PHOTO: UK Public Relations
The Dickens' twins look alike, have similar taste in food, listen to the same music, and enjoy outdoor activities. They are both good in math and science, both earned a bachelor's degree at the University of Kentucky in human nutrition science with a minor in biology, and both are pursuing careers in medicine.
However, for perhaps the first time in their lives, Brett and Blake Dickens are at a fork in the road and each are going their separate ways; one road leading to the UK College of Dentistry and other road leading to the UK College of Medicine.
Blake and Brett, 23-year-old identical twins from Owensboro, say they grew up in a big UK family that bleeds blue, many of whom are in the health care professions. They remember listening to the stories of their two older sisters, Megan and Ashley, both graduates of the UK College of Nursing, and cousins, who are all nurse anesthetists, as they talked about their experiences on the job. Blake and Brett knew at a fairly young age that they wanted to follow in their family's footsteps to UK and into some area of health care.
"We really are alike to a T," Blake Dickens says. "Growing up and being so close, we always had conversations about what we wanted to do with our lives. So while we were dreaming about being professional athletes and other things that boys do, we also spent a lot of time talking about going into medicine."
Whether by nature or nurture, or perhaps a little of both, the brothers were drawn to medical careers. Blake became interested in dentistry because it allows him to combine both medicine and working with his hands. In addition, dentistry is a profession where he feels as though he can build strong, long-term relationships with his patients.
"I like seeing the before and after of good dental work," said Blake Dickens, currently completing his first year in the UK College of Dentistry.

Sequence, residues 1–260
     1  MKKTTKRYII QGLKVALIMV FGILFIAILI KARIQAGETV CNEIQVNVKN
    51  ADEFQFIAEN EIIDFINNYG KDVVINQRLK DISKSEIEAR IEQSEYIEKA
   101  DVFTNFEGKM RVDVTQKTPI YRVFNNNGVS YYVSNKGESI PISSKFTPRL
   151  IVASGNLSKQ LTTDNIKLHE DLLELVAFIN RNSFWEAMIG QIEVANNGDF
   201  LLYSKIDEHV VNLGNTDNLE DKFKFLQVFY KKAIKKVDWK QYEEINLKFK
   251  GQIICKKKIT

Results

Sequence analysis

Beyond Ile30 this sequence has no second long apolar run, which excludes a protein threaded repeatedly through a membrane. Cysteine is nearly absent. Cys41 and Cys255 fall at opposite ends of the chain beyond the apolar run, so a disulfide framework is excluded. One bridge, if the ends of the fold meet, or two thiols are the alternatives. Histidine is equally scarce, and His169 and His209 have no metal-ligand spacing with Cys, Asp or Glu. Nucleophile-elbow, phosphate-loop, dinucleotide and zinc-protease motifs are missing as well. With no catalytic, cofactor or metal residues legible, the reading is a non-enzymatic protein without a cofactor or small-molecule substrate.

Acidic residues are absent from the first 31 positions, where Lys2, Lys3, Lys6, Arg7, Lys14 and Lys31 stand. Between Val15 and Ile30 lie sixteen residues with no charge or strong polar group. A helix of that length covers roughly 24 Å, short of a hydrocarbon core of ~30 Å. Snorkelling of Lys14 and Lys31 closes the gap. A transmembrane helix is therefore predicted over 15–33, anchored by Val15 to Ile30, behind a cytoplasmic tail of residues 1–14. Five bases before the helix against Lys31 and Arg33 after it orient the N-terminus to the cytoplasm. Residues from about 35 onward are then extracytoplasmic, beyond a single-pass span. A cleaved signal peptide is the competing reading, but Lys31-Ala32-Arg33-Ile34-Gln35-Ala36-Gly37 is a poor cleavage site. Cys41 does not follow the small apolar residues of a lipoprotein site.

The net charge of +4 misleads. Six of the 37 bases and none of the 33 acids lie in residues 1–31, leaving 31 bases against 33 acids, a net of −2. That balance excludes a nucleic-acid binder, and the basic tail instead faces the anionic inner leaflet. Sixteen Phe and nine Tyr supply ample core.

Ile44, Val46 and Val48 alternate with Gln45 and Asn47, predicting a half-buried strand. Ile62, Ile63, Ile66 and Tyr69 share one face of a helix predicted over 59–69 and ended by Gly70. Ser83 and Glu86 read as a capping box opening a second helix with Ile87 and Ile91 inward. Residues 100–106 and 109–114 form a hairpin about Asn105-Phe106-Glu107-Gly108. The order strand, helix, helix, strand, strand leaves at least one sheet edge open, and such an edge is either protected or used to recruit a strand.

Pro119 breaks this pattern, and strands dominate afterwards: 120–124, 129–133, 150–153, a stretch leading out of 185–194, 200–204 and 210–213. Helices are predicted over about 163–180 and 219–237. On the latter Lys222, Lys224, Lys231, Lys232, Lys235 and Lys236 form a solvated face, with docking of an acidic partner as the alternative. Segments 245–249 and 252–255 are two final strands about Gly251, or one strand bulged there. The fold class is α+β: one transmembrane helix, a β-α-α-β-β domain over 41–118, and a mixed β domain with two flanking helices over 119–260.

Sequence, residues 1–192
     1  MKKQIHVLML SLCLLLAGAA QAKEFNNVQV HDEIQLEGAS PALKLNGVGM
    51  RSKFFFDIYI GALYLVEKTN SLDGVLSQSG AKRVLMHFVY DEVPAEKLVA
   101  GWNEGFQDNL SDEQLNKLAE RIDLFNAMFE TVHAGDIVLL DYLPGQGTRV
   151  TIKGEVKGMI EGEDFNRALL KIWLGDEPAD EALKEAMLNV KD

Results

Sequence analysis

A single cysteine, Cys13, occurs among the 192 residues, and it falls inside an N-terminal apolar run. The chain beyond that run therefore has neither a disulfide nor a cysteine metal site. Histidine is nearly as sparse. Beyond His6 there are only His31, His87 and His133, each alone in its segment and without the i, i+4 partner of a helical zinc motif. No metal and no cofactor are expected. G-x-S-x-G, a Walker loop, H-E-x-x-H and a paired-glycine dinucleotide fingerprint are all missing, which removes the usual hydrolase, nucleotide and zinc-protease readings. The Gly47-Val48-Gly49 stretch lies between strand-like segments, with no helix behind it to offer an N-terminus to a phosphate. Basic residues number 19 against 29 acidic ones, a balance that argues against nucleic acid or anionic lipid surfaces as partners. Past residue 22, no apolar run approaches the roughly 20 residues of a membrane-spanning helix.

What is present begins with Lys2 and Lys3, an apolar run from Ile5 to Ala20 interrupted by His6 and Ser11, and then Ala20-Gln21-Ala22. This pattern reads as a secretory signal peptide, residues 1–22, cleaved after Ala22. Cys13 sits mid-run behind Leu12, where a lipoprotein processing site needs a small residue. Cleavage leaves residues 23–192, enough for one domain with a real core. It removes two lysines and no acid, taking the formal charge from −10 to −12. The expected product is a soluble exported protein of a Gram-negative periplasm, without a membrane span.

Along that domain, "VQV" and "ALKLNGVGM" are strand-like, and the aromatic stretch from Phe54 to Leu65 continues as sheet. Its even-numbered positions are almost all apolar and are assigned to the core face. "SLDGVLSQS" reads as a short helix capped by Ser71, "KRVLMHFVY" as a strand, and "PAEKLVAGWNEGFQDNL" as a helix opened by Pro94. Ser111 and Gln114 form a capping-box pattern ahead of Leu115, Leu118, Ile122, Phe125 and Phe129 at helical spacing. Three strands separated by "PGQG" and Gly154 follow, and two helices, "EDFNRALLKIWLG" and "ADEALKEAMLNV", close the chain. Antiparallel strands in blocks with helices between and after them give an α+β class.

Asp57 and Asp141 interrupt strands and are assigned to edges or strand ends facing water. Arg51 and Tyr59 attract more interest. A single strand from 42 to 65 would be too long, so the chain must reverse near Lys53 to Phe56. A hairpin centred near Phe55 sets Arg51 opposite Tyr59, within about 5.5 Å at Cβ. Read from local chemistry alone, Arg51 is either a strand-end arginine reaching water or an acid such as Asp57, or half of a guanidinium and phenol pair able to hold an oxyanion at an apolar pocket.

Brett's interest in emergency medicine was influenced by an experience he had as a teenager while out riding with his dad, a retired firefighter and EMT.
"We came upon the scene of a horrible accident. My dad got out to help until paramedics arrived. Watching him work to help those people is something I will remember for the rest of my life," he said. "If bad things have already happened, I want to be there to help with a quick response."
Brett Dickens, currently completing his first year in the UK College of Medicine, worked in UK's Emergency Department (ED) all four years as an undergraduate student, and working in an ED is where he hopes to be someday, helping people in traumatic situations.
Blake Dickens says that he and his brother have spent almost their entire lives side by side.
"It's definitely a new experience to go an entire day without having a class together," he said.
"This is probably the biggest decision that we have made independent of each other," Brett adds.
Despite the running joke among their friends about how much Blake and Brett look and act alike, they have embraced their individual roles as UK dental and medical students and are thriving on their separate paths.
"I like learning about things I have seen and questioned and gaining an understanding in those things. It enables me to put things in order," Brett Dickens said.
Outside of class and studies, Brett represents his class in the Medical Student Government Association and takes part in an ultrasound interest group while Blake is president of the College of Dentistry's Class of 2017.
"The College of Dentistry does a good job of creating a supportive, family-like atmosphere. Faculty come out and mingle with students at events. It's a very collegiate network," he said.
The bond that exists between Blake and Brett Dickens is undeniable. Even though they are on separate journeys towards a career in dentistry and medicine, they will always share the advantages that come along with being a twin; as well as the bond that links them to an entire nation - the Big Blue Nation - they bleed blue.